Writings of Branko's Blog

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Can a Protestant in Serbia Do Anything Good? [Blog]

In early June 2014, the President of Serbia Tomislav Nikolic spoke at the occasion of a centennial of the Archibald Reiss’ arrival to Serbia, where he died in 1929. Nikolic stated that ‘he was one of us…born in Germany, lived in Switzerland, but died, we are convinced in it – as a Serb, in Belgrade, Serbia.”

Reiss, Rodolphe Archibald (1875-1929), forensic photographer, born in Hausach, in Baden province. As an 18 years old he moved to Lausanne where he studied natural science, and in 1899 became head of the university’s photographic laboratory. Received a doctorate in chemistry when he was 22. Later he received a doctorate in law.

In 1903 he published La Photographie judiciaire, in 1906 became professor of judicial photography in Lausanne, and in 1909 founded the Institut de Police Scientifique, which he directed until 1919.

Reiss also did pioneering work in medical radiography and became a leading international authority in the field. Shortly afterwards Reiss went to Serbia to investigate war crimes committed by the Habsburg army, upon the governmental invitation. He published a number of reports in this issue.

He participated as a member of the Serbian Government delegation at the Paris Peace Conference, 1919. After the war, Reiss helped establish the first police academy in Serbia and teach forensic sciences. He was one of the founders of the Red Cross of Serbia. Reiss is remembered as a world renowned scholar, war reporter, soldier, investigator, honorary officer of the Serbian reserve association and transformer of the Serbian police (investigative work especially) after the Great War. My elementary school in Belgrade bears his name.

Interestingly, Reiss was a Protestant. This is a rhetorical question for you: can a Protestant do any good in Serbia?



The Edict of Milan and Us [blog]

Edict of Milan is a name of  a proclamation that permanently established religious toleration for Christianity within the Roman Empire. It was the result of a political agreement made in Milan between the Roman emperors Constantine I and Licinius in February 313. The proclamation granted all persons freedom to worship whatever deity they pleased, assured Christians of legal rights (including the right to organize churches), and directed the prompt return to Christians of confiscated property.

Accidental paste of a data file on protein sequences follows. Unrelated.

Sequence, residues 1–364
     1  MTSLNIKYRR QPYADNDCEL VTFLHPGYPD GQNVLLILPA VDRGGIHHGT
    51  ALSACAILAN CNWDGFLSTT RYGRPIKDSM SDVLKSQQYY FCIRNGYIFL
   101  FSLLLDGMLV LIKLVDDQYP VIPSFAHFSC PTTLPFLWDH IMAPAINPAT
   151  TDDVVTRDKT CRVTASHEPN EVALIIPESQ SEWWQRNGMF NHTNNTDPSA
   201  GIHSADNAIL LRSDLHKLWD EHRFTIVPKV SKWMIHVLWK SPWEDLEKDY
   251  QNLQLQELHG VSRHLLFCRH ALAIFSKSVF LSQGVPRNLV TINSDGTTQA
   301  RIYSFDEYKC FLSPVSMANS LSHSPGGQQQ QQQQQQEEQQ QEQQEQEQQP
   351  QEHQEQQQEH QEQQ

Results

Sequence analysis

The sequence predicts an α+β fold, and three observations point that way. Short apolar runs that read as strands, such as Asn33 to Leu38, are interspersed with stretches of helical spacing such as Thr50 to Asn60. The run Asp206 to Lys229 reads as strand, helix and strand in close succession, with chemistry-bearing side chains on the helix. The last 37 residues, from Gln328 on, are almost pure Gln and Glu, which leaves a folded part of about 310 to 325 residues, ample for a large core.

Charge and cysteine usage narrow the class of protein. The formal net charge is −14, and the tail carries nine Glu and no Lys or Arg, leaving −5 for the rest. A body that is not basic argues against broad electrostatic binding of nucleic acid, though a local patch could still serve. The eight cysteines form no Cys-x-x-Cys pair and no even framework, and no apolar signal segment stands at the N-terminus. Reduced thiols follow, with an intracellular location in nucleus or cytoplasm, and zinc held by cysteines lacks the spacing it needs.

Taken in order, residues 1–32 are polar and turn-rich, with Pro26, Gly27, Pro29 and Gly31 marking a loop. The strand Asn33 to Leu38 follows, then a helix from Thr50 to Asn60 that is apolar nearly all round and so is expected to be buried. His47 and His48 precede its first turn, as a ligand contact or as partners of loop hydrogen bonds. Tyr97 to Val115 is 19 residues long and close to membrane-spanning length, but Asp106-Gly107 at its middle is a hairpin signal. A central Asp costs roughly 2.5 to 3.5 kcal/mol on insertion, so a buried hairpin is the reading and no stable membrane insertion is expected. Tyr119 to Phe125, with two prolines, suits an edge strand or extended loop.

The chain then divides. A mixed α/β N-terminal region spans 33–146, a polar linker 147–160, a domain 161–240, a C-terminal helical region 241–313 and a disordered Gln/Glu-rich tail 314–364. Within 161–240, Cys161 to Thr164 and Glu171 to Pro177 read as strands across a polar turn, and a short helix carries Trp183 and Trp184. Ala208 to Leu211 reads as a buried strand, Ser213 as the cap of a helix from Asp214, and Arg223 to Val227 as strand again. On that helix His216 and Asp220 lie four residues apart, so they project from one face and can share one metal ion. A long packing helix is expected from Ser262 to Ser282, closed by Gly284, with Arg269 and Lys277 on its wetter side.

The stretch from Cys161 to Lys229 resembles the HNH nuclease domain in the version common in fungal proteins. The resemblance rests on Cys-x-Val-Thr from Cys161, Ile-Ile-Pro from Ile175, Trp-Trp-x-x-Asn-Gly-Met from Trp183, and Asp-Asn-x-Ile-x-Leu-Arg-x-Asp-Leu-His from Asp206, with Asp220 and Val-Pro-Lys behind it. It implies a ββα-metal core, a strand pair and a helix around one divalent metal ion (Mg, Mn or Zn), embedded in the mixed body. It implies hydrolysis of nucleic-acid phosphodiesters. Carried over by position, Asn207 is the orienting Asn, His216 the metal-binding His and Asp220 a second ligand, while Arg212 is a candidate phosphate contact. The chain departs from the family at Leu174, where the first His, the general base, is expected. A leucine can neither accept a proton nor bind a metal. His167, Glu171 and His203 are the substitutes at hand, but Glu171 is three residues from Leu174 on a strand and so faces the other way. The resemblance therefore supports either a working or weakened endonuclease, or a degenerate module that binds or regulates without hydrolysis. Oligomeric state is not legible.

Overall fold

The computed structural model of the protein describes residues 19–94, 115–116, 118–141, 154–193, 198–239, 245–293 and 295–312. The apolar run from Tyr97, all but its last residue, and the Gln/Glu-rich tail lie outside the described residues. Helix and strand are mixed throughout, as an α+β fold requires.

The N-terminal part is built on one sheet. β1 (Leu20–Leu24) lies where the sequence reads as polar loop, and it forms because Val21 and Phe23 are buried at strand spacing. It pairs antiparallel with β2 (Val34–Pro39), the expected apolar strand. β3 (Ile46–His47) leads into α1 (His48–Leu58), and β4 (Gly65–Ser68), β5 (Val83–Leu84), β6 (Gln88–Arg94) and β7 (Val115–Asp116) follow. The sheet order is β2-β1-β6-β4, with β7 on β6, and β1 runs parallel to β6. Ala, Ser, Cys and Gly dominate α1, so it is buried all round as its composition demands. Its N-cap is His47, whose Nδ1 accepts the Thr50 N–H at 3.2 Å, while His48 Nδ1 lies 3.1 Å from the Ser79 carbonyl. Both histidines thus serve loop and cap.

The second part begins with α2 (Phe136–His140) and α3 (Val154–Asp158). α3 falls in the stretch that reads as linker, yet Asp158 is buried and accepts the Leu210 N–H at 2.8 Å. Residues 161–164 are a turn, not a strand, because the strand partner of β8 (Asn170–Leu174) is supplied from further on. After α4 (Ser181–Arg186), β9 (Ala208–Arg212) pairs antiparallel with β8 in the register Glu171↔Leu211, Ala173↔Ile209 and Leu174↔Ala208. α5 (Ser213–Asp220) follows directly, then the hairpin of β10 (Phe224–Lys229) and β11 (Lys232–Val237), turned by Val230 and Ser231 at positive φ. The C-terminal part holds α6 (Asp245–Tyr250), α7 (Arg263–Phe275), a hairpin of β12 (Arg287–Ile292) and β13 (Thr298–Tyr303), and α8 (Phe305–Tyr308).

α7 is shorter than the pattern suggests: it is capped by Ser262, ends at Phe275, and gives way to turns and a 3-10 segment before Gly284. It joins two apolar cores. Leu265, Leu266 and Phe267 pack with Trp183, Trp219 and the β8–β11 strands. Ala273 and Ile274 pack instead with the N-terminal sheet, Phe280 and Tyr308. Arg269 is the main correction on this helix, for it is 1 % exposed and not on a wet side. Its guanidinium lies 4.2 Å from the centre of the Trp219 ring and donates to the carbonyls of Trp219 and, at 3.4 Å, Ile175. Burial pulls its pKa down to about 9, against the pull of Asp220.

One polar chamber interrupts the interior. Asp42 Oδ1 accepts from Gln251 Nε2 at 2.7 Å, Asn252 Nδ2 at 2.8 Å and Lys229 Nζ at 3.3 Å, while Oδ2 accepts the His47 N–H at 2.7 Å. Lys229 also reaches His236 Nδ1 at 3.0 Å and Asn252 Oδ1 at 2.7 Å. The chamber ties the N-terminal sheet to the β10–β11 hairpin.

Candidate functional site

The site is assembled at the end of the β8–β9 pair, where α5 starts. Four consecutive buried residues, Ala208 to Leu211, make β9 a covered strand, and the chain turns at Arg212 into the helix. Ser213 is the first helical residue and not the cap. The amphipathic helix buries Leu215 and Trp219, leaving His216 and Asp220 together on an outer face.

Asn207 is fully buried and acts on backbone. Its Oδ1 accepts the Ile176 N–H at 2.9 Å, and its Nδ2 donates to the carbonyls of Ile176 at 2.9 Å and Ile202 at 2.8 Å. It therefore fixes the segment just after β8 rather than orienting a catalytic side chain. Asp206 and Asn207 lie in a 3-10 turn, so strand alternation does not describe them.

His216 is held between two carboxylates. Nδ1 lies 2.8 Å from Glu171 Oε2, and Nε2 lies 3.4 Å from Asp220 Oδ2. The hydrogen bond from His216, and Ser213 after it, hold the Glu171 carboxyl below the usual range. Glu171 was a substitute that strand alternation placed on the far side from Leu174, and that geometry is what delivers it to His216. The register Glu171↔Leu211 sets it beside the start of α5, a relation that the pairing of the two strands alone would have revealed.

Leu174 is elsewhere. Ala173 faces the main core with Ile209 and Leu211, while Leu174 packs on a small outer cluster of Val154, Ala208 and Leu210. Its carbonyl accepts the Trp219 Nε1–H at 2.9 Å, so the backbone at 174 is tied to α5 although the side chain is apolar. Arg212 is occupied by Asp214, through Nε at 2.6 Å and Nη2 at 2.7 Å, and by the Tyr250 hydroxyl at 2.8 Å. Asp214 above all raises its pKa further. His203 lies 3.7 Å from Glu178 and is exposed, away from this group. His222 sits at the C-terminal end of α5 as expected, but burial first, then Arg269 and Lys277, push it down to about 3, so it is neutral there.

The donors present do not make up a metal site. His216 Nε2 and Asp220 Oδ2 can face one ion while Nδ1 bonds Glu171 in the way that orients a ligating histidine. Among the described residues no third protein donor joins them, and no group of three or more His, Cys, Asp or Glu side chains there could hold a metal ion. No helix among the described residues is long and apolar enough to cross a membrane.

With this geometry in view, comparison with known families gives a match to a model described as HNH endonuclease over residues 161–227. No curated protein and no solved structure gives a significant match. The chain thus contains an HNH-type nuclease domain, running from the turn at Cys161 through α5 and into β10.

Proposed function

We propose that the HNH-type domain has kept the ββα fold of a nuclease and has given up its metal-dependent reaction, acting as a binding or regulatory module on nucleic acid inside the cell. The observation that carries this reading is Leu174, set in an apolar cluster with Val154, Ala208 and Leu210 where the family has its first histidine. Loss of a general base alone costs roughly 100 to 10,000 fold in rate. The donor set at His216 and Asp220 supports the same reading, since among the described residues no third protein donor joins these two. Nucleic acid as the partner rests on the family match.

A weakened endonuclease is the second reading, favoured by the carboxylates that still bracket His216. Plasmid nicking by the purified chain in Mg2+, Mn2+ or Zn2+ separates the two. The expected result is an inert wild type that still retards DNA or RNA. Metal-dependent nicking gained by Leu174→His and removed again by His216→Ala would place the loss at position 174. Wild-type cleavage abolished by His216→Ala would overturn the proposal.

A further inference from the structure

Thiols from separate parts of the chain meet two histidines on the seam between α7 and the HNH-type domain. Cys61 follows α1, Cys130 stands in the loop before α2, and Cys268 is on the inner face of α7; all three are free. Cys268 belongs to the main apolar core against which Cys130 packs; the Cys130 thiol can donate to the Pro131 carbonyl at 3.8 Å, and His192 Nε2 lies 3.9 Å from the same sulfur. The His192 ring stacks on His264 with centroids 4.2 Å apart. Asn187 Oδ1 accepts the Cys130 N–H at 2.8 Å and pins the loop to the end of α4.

359492_nis-beta-2_fToday, on 6 October 2013, there will be a central ceremony in Niš, Serbia, of this great anniversary. Niš is a city where Constantine the Great was born around 280 A.D, roughly four centuries before the Slavs came from the north-east and settled at the Balkan peninsula. Great leaders of the Orthodox churches are there: the Russian patriarch, the Ecumenical patriarch, the Serbian patriarch and a number of metropolitans from various lands and countries. The Catholic church is represented by the Milan archbishop Scala, Belgrade archbishop Hocevar and also a number of bishops and monsignors from neighboring countries. There seems to be great declarations of Christian unity.

Even the citizens of Niš organized last night a candle vigil. Five thousand of them created a human cross. Great symbolism in the days when more than 50 countries in this world still persecute Christians for their beliefs, forbid conversions and arrest and jail their leaders. This world seems to need another proclamation from its political leaders, but we will never see it again.

What is also noticeable here, that there are no representatives of the protestant churches, or evangelicals. Apparently, they did not exist in the days of Constantine the great. But the same could be argued for the Orthodox and Catholics, right? And what we will do about constantinism?359494_nis-beta-1_f

Constantine’s achievement was greatest in social and cultural history. It was the development of a Christianized imperial governing class that entrenched the privileged position of Christianity. Encyclopedia Britannica states that it was: „this movement of fashion, rather than the enforcement of any program of legislation, that was the basis of the Christianization of the Roman Empire. Emerging from it in the course of the 4th century were two developments that contributed fundamentally to the nature of Byzantine and Western medieval culture: the growth of a specifically Christian, biblical culture that took its place beside the traditional Classical culture of the upper classes; and the extension of new forms of religious patronage between the secular governing classes and bishops, Christian intellectuals and holy men. Constantine left much for his successors to do, but it was his personal choice made in 312 that determined the emergence of the Roman Empire as a Christian state“.